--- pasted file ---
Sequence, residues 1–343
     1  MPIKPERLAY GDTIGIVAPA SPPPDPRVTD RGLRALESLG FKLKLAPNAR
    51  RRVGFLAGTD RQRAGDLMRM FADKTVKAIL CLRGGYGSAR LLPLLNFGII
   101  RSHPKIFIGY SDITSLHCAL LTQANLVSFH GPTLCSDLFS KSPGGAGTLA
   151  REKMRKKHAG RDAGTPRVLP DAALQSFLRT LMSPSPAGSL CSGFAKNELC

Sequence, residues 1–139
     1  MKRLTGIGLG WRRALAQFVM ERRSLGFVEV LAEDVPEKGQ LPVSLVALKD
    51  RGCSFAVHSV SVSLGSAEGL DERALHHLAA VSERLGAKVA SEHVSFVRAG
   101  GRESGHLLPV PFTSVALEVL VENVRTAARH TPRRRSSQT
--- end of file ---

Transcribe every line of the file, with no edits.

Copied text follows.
Sequence, residues 1–343
     1  MPIKPERLAY GDTIGIVAPA SPPPDPRVTD RGLRALESLG FKLKLAPNAR
    51  RRVGFLAGTD RQRAGDLMRM FADKTVKAIL CLRGGYGSAR LLPLLNFGII
   101  RSHPKIFIGY SDITSLHCAL LTQANLVSFH GPTLCSDLFS KSPGGAGTLA
   151  REKMRKKHAG RDAGTPRVLP DAALQSFLRT LMSPSPAGSL CSGFAKNELC

Sequence, residues 1–139
     1  MKRLTGIGLG WRRALAQFVM ERRSLGFVEV LAEDVPEKGQ LPVSLVALKD
    51  RGCSFAVHSV SVSLGSAEGL DERALHHLAA VSERLGAKVA SEHVSFVRAG
   101  GRESGHLLPV PFTSVALEVL VENVRTAARH TPRRRSSQT